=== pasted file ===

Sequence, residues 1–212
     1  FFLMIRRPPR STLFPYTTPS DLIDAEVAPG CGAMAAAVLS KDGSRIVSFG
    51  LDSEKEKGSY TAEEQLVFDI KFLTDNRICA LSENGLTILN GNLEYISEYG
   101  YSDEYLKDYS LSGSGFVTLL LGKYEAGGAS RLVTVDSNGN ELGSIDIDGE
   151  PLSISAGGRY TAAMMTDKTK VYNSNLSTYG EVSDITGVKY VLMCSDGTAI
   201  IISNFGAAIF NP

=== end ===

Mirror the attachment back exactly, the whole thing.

Sequence, residues 1–212
     1  FFLMIRRPPR STLFPYTTPS DLIDAEVAPG CGAMAAAVLS KDGSRIVSFG
    51  LDSEKEKGSY TAEEQLVFDI KFLTDNRICA LSENGLTILN GNLEYISEYG
   101  YSDEYLKDYS LSGSGFVTLL LGKYEAGGAS RLVTVDSNGN ELGSIDIDGE
   151  PLSISAGGRY TAAMMTDKTK VYNSNLSTYG EVSDITGVKY VLMCSDGTAI
   201  IISNFGAAIF NP